FILE - In this Nov. 25, 2019 file photo Kentucky Senate President Robert Stivers, R-Manchester, addresses community members at the dedication of a Recovery Community Center in in Manchester, Ky. Kentucky lawmakers passed a slimmed-down, one-year state budget Wednesday, April 1, 2020 without pay raises for school teachers or increased education funding — priorities that fell victim to the dramatic economic downturn caused by the coronavirus pandemic. (AP Photo/Timothy D. Easley)
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FRANKFORT, Ky. (AP) — Kentucky lawmakers began advancing budget bills Monday that are likely to undergo substantial changes as they dig deeper into setting spending priorities, beset by the unique challenges of the COVID-19 pandemic.

The House passed the “continuation” budgets seen as mere placeholders for House and Senate conferees who eventually will craft detailed spending plans. The series of House votes came after the bills cleared a House committee earlier in the day. The measures now go to the Senate.

The strategy reflects the time constraints for lawmakers to pass a one-year budget in a 30-day session already in its sixth day Monday.

“I would caution everybody to read absolutely nothing into the budget that comes out first," House Speaker David Osborne said last week on Kentucky Educational Television. “It will absolutely just be a continuation version of the budget that is just an effort to expedite things.”

Senate President Robert Stivers said last week that the initial version "will not be anything close to what I think the final budget will be.”

In another development, the House budget committee didn’t take up a spending bill reflecting Democratic Gov. Andy Beshear’s proposal to pump immediate aid into parts of a state economy still struggling under the pandemic. Committee Chairman Jason Petrie cited an unspecified technical issue as the reason for bypassing the measure Monday.

Last week, when presenting his budget proposals, Beshear urged the GOP-led legislature to quickly pass a separate virus relief bill. It includes $220 million in aid for small businesses, $20 million for nonprofit organizations and $100.9 million to help repay a federal loan that’s kept the state’s unemployment insurance program afloat.

“This is something we should all be for,” the governor said Monday in making another pitch for the quick relief.

“There's no reason that it shouldn't be done and it should be done now,” Beshear added at a news conference.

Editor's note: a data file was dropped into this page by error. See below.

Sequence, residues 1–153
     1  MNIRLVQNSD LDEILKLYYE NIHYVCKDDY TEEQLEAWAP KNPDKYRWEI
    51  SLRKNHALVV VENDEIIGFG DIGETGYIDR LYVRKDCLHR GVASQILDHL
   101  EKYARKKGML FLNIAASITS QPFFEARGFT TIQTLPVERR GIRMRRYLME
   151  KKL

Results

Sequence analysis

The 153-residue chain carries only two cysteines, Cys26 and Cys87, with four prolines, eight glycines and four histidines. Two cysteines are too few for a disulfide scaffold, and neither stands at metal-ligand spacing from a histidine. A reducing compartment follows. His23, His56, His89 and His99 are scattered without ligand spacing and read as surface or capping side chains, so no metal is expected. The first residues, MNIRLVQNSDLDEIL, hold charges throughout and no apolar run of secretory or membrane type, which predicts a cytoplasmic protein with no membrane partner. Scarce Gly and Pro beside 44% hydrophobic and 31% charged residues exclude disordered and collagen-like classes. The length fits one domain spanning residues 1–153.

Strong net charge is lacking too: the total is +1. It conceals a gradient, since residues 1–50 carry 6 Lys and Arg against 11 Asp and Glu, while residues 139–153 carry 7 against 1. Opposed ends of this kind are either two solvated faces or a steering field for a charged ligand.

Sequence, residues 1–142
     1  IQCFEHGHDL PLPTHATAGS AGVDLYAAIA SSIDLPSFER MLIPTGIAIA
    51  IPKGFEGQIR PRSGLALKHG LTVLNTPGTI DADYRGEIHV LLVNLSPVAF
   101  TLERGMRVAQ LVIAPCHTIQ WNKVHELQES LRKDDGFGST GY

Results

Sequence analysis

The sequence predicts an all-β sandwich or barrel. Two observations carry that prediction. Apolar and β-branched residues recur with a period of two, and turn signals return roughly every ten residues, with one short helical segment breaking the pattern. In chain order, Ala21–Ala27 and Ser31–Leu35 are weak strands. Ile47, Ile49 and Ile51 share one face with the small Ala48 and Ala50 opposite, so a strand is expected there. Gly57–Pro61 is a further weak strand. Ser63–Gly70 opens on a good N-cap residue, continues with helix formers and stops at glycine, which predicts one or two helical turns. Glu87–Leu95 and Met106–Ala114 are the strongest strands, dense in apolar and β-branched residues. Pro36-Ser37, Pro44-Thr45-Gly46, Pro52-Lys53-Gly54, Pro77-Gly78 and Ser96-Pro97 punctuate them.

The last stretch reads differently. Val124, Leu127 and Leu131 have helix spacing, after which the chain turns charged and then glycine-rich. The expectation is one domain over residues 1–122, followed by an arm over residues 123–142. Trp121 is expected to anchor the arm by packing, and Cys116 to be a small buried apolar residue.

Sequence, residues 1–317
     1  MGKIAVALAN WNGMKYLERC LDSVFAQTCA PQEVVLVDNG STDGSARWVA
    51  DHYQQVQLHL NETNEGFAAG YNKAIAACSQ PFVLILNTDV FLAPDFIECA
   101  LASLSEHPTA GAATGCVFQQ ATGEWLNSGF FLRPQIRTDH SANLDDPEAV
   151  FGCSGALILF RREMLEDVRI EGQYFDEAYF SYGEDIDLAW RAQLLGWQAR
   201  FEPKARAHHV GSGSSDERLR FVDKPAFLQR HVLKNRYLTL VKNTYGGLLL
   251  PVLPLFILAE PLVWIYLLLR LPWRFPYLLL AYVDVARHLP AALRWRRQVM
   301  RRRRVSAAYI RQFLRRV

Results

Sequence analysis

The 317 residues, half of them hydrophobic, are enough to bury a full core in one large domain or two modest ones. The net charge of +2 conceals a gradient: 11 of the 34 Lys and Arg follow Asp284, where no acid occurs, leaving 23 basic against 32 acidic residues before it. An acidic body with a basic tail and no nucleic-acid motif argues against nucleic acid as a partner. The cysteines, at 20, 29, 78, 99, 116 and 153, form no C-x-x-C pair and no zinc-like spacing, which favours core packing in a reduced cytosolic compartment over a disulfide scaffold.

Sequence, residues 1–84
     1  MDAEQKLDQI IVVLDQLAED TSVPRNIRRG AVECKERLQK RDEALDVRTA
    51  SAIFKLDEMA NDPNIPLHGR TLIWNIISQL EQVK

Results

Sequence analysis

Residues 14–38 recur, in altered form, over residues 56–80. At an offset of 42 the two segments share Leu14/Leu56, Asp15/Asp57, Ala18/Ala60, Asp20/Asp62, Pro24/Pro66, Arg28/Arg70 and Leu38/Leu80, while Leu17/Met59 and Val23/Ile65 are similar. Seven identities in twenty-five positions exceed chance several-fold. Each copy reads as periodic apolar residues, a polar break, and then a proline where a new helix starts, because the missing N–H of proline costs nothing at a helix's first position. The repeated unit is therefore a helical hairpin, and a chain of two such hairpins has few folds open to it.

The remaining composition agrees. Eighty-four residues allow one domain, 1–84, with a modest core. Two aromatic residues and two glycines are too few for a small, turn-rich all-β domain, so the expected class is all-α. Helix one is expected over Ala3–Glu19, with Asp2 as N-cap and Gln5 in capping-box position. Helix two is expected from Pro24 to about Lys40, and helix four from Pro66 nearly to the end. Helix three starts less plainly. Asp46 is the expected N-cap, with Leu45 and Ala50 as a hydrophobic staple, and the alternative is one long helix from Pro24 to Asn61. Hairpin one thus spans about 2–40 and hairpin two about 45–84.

Lawmakers traditionally pass two-year state budgets during 60-day sessions in even-numbered years. They broke with tradition last year, passing a one-year budget because of economic uncertainties caused by the pandemic. That means lawmakers need to pass another one-year budget in this year's short session for the fiscal year beginning July 1.

The GOP-led House on Monday passed the continuation budget bills for the executive, judicial and legislative branches, as well as the transportation budget.

Democratic Rep. Angie Hatton made a pitch for the targeted COVID relief sought by Beshear.

“I know this is not going to be the final version of our budget," she said at the committee meeting Monday. "I’m praying that we can put a lot more of the ... things that small businesses, non-profits and unemployment claimants need from this budget.”

The plan is to get the continuation plans into a conference committee, where key lawmakers will delve deeper into spending needs and eventually craft a version of the budget that will be presented to the House and Senate.

“Everybody is pulling in the same direction trying to get to the meat of the process," Petrie said.

Backed by surging state tax revenues, Beshear last week offered an ambitious budget calling for pay raises for K-12 teachers and other school employees, more public education spending, full funding for Medicaid, more staffing to combat child abuse and increased funding for the state’s beleaguered unemployment insurance system. He proposed one-time spending of $100 million for school renovations and construction and $50 million to expand broadband access.

Those priorities echoed themes that helped him win the governor's office in 2019. However, Republican lawmakers, with veto-proof majorities that grew in the 2020 election, will reshape the budget to their liking. Top Republicans have urged a cautious approach, noting that much of the turnaround in the state's financial situation is due to a massive influx of federal COVID relief.